Police knock on doors in search for quarantine dodgers

Police are conducting random spot-checks on the homes of Victorians who have been told to self isolate amid concerns from doctors that people are flouting quarantine orders and putting the community at risk.

Victoria Police confirmed to The Age that officers acting under the state of emergency declared by the Andrews government had been knocking on doors and checking on residents.

Travellers arriving at Melbourne Airport earlier this week. Credit:Jason South

Anyone who fails to follow a public health order will face a $20,000 fine, though no one has yet been charged as a result of quarantine inspections.

Police declined to say how many home visits officers had conducted in response to information provided by the Department of Health and Human Services and other authorised bodies.

Travellers returning from any overseas country are now required to self-isolate for 14 days under strict quarantine measures announced by the federal government to slow the spread of coronavirus.

"This issue of quarantining when you come home is serious," Chief Medical Officer Brendan Murphy said on Friday.

A man in personal protective equipment outside the international departures terminal at Melbourne Airport last week.Credit:AAP

“While most Victorians are voluntarily complying with requests to isolate, police have strong powers to enforce the direction if it’s required.”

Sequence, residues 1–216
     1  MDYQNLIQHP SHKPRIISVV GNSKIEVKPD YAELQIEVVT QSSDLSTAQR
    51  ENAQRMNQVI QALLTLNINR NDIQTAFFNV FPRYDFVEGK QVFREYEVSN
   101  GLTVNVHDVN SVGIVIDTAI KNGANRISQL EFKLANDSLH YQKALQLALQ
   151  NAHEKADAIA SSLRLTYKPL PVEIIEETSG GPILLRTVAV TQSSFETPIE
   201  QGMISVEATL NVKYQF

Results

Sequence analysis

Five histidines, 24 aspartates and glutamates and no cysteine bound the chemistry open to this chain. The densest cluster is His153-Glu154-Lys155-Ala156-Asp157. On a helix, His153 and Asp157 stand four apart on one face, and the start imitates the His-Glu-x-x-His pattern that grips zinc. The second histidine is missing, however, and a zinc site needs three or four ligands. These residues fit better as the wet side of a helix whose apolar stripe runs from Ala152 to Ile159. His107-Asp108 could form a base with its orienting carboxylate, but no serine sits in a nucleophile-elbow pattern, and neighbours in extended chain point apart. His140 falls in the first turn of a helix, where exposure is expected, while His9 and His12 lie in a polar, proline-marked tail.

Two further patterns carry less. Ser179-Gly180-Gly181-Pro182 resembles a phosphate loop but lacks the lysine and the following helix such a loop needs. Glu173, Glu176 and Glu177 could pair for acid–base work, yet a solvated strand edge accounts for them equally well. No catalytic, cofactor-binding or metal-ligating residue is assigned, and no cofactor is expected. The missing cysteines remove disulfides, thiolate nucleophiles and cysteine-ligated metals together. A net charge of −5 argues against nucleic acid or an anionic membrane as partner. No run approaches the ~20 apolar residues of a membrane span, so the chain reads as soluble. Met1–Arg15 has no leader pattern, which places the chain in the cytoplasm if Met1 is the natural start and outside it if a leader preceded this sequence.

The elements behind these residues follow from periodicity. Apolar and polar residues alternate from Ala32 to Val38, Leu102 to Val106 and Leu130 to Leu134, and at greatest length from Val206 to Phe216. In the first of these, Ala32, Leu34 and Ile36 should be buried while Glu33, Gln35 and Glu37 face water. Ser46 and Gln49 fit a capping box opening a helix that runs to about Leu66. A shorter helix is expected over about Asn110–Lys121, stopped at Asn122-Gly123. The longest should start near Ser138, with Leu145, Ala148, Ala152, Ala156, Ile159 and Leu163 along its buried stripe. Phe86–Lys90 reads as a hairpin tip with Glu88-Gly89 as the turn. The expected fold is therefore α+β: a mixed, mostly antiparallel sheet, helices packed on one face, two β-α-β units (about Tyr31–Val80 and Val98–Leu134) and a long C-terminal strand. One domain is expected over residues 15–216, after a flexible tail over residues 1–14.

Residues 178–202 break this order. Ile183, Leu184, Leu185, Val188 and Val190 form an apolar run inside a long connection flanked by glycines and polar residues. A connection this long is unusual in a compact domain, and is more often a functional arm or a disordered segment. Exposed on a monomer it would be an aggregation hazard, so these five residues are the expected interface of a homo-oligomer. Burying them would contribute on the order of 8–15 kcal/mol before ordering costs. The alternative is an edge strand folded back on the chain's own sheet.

But doctors are concerned that the system may be inadequate.

Melbourne GPs have told The Age that the system appears porous, with patients lying about their travel history and moving throughout the community while showing signs of respiratory illness.

A police spokeswoman said the force was working with the Chief Health Officer and the Health Department to enforce the self-isolation directive.

"We do however only want to do this by exception, and we are encouraging everyone to do the right thing," she said.

"We are currently working with DHHS to confirm an agreed process moving forward."

Other countries have introduced much more stringent measures to monitor recent arrivals. In Israel, the government has given approval to emergency measures to track people with confirmed or suspected coronavirus using mobile phone data.

Taiwan has also used phone tracking to enforce its quarantine restrictions.

Travel restrictions were tightened further on Thursday as Prime Minister Scott Morrison announced a ban on all foreign travellers entering Australia.

On Friday, following a meeting with state and territory leaders, Mr Morrison announced increased social distancing measures, including a restriction of one person per four square metres for non-essential indoor gatherings of fewer than 100 people.

The Prime Minister also flagged further travel restrictions next week. The national cabinet is now meeting twice a week as the pandemic escalates.

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